Strengthening Disaster Risk Reduction

Apr 16, 2015

‘If it isn’t risk-informed, it isn’t sustainable development’

On 18 March, the World Conference on Disaster Risk Reduction (WCDRR) culminated in the official adoption of the Sendai Framework for Disaster Risk Reduction (2015-2030). UNDP was actively engaged in this process, both in the months of development leading up to it and at the WCDRR itself.

UNDP welcomed the new framework and congratulated Member States and UNISDR on managing this process. Helen Clark, UNDP Administrator who led UNDP’s delegation, also expressed UNDP’s appreciation to Japan and to Prime Minister Abe in particular for hosting the Conference and for remaining such an important global leader on DRR.

A big part of UNDP's advocacy campaign over the last year has been to emphasize that disasters are the result of poor, risk-blind development choices, and to encourage partners to adopt a risk-informed approach to sustainable development. 

Substantially, the Framework consists of four priority areas relevant to the business of disaster risk reduction at the country level: (1) understanding disaster risk; (2) strengthening disaster risk governance to manage disaster risk; (3) investing in disaster risk reduction for resilience; and (4) enhancing disaster preparedness for an effective response and with a view to “Build Back Better” in recovery, rehabilitation and reconstruction. UNDP’s support to the process has led to the inclusion of risk governance and recovery as two of the four dedicated priority areas. 

UNDP announced at Sendai the development of a new 10-year global programme called ‘5-10-50’. This programme, which is still under development and targeting an early 2016 release, will see UNDP support 50 countries with comprehensive risk-informed development. Further information on this programme will be made available in the months ahead as we continue the development phase.

Across Pakistan, communities struggle with the threats posed by the environment in which they live. Many areas of the country are prone to natural disaster, from drought to flood, to devastating earthquakes, and as the world’s climate shifts, Pakistan is expected to be severely affected. We support Government and communities in preparing for these threats. In 2014 we piloted Community-Based Disaster Risk Management in 30 communities in KP, Balochistan and Sindh provinces. Through this, vulnerable communities learned to identify hazards and risks, and analyse their own vulnerabilities. We helped them develop risk maps and plan preparedness and response, and supported the adaptation and response measures they identified. Community groups were trained in First Aid and Search & Rescue and equipped to develop into an emergency response force at the frontlines of disaster. As a result, local women and men became active leaders in protecting their communities instead of relying solely on outside support for emergency relief.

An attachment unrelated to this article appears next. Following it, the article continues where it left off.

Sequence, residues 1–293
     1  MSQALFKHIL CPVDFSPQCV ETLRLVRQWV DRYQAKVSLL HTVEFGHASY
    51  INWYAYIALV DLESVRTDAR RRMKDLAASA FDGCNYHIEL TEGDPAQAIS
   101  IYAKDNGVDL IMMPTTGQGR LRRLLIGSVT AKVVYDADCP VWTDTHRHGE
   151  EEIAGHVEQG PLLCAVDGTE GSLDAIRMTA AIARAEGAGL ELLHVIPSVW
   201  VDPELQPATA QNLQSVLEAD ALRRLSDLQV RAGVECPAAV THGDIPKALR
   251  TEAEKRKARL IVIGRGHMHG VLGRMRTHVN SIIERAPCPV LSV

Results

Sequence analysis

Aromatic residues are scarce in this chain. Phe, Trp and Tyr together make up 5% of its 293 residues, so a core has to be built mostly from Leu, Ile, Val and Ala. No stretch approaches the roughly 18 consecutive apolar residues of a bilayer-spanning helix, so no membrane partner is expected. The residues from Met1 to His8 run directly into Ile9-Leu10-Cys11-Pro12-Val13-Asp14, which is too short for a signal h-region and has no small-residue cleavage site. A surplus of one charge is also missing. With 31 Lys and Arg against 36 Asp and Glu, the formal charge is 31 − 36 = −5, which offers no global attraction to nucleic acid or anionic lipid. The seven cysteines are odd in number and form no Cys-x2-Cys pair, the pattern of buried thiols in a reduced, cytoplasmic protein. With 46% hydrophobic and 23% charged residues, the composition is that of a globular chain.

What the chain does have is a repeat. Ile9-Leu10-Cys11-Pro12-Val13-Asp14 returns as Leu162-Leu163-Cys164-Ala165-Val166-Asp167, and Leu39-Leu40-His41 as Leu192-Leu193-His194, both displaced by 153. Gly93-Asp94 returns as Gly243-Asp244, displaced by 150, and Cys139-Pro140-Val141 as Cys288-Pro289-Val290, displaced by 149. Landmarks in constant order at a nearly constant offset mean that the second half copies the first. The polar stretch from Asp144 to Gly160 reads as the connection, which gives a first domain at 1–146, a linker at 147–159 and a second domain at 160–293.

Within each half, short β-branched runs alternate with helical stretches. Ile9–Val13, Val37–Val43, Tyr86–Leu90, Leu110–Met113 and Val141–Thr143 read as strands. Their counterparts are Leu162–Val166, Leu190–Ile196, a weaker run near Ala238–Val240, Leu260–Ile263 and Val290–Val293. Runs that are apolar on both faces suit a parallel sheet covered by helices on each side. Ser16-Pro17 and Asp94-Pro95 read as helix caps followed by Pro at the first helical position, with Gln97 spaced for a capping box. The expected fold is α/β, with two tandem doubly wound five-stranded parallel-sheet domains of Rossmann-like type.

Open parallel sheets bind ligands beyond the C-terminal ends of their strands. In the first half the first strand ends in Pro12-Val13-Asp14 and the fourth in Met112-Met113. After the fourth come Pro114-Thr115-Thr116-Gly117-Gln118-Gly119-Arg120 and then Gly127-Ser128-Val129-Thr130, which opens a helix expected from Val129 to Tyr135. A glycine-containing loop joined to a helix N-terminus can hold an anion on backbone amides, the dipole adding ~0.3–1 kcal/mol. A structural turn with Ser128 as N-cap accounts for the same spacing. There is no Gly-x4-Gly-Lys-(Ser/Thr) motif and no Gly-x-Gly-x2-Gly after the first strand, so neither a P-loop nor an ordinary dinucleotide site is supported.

The mountainous areas of Gilgit and Chitral districts are increasingly vulnerable to devastating glacial lake outburst floods (GLOF). We work with the Government of Pakistan and the Adaptation Fund to reduce this environmental risk. In 2014, we strengthened district disaster emergency response cells and government departments, helped prepare risk reduction plans in the worst affected valleys (Bagrot and Bindo Gol), and improved the GLOF monitoring system. Meteorological observatories were established in these valleys, and trained community volunteers now regularly record and analyse data.

UNDP’s Disaster Risk Reduction Strategy is closely aligned with national policy and the National Disaster Management Plan (NDMP). In 2014, we helped the National Disaster Management Authority (NDMA) establish the NDMP Implementation Unit to monitor implementation, improve coordination, and mobilize resources from international development partners. With the NDMA we ran the National Institute for Disaster Management, which trains officials working in disaster management.

Effective response to disaster is dependent on timely information. In 2014, we helped the Pakistan Meteorological Department to develop and field-test an early warning system using FM radio to broadcast messages even to remote and inaccessible regions during the 2014 monsoon season. 

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